The Love Letter (1998 film)
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The Love Letter is a 1998 Hallmark Hall of Fame television film directed by Dan Curtis starring Campbell Scott and Jennifer Jason Leigh. It is based on Jack Finney's short story of the same name, which was first published in The Saturday Evening Post on August 1, 1959, and reprinted in the same magazine in January/February 1988 issue. The story has since appeared in several books.
Elizabeth is living near Boston in 1863 and writes a letter addressing it to "Dearest" (no specific addressee), expressing her desire and hope to someday find someone to love with her whole heart and mind; or as she puts it, "to feel a love that burns like fire in the moonlight." She places the letter in the secret compartment of her desk. In the year 1998, Scott Corrigan buys the desk at a second-hand furniture store. While re-conditioning it, he finds the secret compartment and Elizabeth's letter. He shows it to his mother but not to his fiancée. His mother has a feeling that Scott may actually be able to communicate with Elizabeth across time. She encourages him to reply to the letter and gives him a postage stamp from the period in which Elizabeth lived, and says he should mail it at the only post office now existing that was there in 1863. He does so, telling Elizabeth that she should be patient and that someday she will find her true love.
Back in 1863, the local letter carrier delivers Scott's letter to Elizabeth who is quite alarmed when she reads its contents. She immediately goes to her desk and is shocked to find her letter missing from its secret compartment. She then writes back to Scott demanding to know who he is and how he retrieved her letter from its hiding place. In 1998, Scott hears a noise from the desk sounding like a letter had suddenly been dropped into it. He goes to the secret compartment and is astonished when he finds Elizabeth's second letter. Scott replies to it and soon Scott and Elizabeth are communicating with each other across time. During this period, Scott goes to the home where Elizabeth lived 135 years ago, and finds that it is now owned by Clarisse, the granddaughter of Elizabeth's sister. He learns a bit more about Elizabeth from this visit and in fact, he and Elizabeth sense each other's presence in the home across time. Scott's and Elizabeth's letters gradually become more personal and affectionate and eventually loving as each begins to fall in love with the other. They realize however that their love is a hopeless one given that 135 years separate them.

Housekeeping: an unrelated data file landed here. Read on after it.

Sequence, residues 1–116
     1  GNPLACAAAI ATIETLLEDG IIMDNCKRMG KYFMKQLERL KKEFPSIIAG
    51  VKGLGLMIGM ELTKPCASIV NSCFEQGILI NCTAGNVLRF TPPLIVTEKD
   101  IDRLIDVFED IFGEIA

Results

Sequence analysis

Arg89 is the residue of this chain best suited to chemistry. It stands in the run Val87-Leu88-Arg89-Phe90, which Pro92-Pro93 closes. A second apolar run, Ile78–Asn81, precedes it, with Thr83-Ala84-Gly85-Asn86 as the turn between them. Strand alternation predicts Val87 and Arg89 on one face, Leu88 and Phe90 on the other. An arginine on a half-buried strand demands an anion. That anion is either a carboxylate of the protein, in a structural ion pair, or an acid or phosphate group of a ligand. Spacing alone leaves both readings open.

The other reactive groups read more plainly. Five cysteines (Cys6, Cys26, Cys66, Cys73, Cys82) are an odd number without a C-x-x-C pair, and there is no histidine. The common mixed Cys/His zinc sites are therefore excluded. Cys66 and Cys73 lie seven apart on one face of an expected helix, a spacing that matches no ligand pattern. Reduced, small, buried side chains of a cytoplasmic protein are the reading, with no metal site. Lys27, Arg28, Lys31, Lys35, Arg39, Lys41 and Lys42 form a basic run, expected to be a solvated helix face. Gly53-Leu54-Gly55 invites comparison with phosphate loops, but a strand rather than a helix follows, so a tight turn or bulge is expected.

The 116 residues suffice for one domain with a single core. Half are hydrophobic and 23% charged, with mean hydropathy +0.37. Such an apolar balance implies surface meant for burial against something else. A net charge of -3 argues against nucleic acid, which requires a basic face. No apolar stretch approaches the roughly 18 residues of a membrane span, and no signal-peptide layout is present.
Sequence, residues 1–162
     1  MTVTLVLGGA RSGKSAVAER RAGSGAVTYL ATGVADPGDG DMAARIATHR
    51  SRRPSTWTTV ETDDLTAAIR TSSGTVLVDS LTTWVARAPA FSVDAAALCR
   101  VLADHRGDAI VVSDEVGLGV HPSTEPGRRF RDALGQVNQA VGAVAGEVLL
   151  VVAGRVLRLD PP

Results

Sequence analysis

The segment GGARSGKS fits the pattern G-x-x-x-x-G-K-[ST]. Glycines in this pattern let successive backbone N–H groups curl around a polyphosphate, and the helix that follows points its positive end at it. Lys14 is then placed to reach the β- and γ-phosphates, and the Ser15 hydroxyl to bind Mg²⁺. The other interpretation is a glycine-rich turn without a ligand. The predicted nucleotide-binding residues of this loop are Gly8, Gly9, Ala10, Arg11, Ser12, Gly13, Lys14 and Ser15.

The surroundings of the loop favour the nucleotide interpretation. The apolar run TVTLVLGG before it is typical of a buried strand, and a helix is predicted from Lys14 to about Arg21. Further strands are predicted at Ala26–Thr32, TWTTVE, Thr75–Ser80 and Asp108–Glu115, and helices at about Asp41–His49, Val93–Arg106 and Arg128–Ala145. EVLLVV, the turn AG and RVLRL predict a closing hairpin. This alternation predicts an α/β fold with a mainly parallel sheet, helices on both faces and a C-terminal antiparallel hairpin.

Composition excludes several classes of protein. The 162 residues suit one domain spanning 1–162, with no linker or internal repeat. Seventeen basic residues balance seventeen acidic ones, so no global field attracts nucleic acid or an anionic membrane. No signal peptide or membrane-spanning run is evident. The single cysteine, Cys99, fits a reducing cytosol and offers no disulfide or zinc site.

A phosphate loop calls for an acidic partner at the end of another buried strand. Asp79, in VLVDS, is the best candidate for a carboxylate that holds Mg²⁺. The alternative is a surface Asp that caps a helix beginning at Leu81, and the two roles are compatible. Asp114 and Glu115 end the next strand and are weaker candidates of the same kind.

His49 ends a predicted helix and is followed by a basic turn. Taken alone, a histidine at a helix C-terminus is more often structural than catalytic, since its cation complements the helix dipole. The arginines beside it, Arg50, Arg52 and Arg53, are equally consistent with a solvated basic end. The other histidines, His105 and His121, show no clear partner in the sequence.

Meanwhile, in Elizabeth's time, her father tries to push her into a marriage with a kind but boring upper-class man for whom Elizabeth has no feelings. Instead Elizabeth meets a Union Army Officer, Caleb Denby, and begins to fall in love with him, while not losing any of her feelings toward Scott. (We, the audience, see that Caleb is the spitting image of Scott, something that Elizabeth at that point does not know.) She writes to Scott of her new love, who in turn researches the Denby's name on the Internet, and finds that he was killed at the battle of Gettysburg. Scott frantically writes to Lizzy, as he has come to call her, and warns her to tell him that he should not go into that battle. Scottie (as she has come to call him) goes to mail his (as it turns out) last letter at the old post office only to find it on fire. He barely makes it into the P.O. and mails the letter before it burns down entirely. Elizabeth receives Scottie's last letter, and Scottie gets out safely from the burning Post Office. But with the destruction of the P.O., their ability to connect across time is irrevocably broken. Elizabeth rushes to Gettysburg but arrives too late. Caleb has been mortally wounded and he tells her he wants to marry her, but then dies in her arms. When she returns home in grief, she is handed an earlier letter from Scotty which had been misplaced and which she had never seen until now. In it is a color photo that Scottie sent to her of himself. She sees it and says, "of course" and realizes that Scotty and Caleb are one and the same person, knows that both are now gone to her, and says she'll never forget him.